What do we make of these cards signed by “Al”? We know that one of Jim Jones’ code names was “Al”, and there are reports of hams speaking with an “Al” who claimed to be the director of a mission in Guyana. One ham further stated that, in all probability, he spoke with both Jim Jones and Albert Touchette on separate occasions, and he later received a QSL from Touchette. So can we assume that any card signed by “Al” was really signed by Jim Jones or, if not by Jones, then by Albert Touchette? The answer to both questions is no. More than likely, the name “Al” was signed to these cards to give them a more legitimate appearance. It stands to reason that male operators in Jonestown used the name “Al” when they made stateside contacts with other hams, because Albert Touchette was the license holder for WB6MID/8R3, the call they were using. Also, given the assembly-line nature of these cards, any number of persons could have quickly dashed off the signature as a finishing touch.
There are still many questions I have yet to find concrete answers to concerning these cards. In coming months I hope to learn more about the design and manufacturing of these cards. It is quite possible that they were printed by Peoples Temple members back in San Francisco, using their own printing equipment. Also, I look forward to learning the procedural end of things. For example, we know the cards were typed up in bulk, but could there have been pre-printed cards in Jonestown just waiting to be signed and dated after each contact? Or was the critical contact information sent from Jonestown to Georgetown for someone to use as a cheat sheet when filling out the cards? It’s hard to say, because all cards had to go back through Georgetown to be mailed anyway. It would also be nice to get some kind of idea about who was working on these cards. We know of at least one individual who was responsible for typing them up, but who else helped? And what kind of light could they shed on the subject?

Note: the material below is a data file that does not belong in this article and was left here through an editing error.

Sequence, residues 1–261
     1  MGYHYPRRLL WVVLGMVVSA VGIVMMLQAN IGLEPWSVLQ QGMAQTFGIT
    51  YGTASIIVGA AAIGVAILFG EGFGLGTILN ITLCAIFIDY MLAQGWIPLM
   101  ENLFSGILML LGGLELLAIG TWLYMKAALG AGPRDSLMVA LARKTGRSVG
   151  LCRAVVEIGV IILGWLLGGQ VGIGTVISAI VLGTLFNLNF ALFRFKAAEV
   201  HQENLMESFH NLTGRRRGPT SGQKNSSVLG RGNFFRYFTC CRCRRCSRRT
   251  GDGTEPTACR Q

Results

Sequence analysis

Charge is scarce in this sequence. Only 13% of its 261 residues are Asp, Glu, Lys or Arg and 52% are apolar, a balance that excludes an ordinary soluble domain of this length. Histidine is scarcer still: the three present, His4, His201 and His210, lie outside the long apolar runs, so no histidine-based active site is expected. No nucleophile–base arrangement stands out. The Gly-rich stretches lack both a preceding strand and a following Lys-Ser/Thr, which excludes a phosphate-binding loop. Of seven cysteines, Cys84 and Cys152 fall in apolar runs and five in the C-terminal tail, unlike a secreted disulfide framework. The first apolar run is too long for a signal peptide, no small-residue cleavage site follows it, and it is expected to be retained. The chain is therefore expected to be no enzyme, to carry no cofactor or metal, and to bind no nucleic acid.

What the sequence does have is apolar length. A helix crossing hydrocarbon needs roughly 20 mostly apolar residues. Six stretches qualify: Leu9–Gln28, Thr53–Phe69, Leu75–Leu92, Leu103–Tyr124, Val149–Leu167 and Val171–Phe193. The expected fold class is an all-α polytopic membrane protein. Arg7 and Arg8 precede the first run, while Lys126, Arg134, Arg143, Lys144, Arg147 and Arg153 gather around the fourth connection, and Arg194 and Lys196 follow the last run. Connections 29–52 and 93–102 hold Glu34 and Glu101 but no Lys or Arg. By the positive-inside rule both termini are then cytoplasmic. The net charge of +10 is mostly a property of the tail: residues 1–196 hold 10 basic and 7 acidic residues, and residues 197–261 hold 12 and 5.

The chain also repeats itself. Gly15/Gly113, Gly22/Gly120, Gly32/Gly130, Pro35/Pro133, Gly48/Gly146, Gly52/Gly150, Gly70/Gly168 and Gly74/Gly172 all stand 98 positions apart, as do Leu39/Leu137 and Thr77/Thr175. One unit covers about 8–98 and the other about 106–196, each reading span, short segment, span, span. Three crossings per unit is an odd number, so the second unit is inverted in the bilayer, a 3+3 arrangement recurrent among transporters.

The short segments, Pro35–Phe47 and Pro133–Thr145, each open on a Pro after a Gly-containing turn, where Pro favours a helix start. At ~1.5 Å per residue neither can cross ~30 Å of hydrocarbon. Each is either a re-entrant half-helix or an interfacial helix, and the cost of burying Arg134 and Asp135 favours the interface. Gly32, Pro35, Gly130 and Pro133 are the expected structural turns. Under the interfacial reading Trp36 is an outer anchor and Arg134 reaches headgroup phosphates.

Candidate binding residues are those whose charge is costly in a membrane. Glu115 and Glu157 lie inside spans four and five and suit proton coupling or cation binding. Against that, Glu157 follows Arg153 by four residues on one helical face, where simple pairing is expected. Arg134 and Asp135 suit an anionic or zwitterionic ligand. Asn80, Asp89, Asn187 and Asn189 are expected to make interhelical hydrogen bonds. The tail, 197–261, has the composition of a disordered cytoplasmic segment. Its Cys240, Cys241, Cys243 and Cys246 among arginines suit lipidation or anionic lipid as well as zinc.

In the meantime, I remain open to hearing from amateur radio operators who can add their own personal experience of talking to Jonestown. I invite anyone who has QSL cards or other documentation of ham contact with Peoples Temple to write me at firstname.lastname@example.org. In addition, I ask any former Temple members with knowledge of the workings of the ham radio operation to contact me at the same address.
(Josef Dieckman has written extensively about both the so-called death tape (Q 042) and the “day after” tape (Q 875). His complete collection of writings for the jonestown report may be found here. He may be reached at email@example.com.)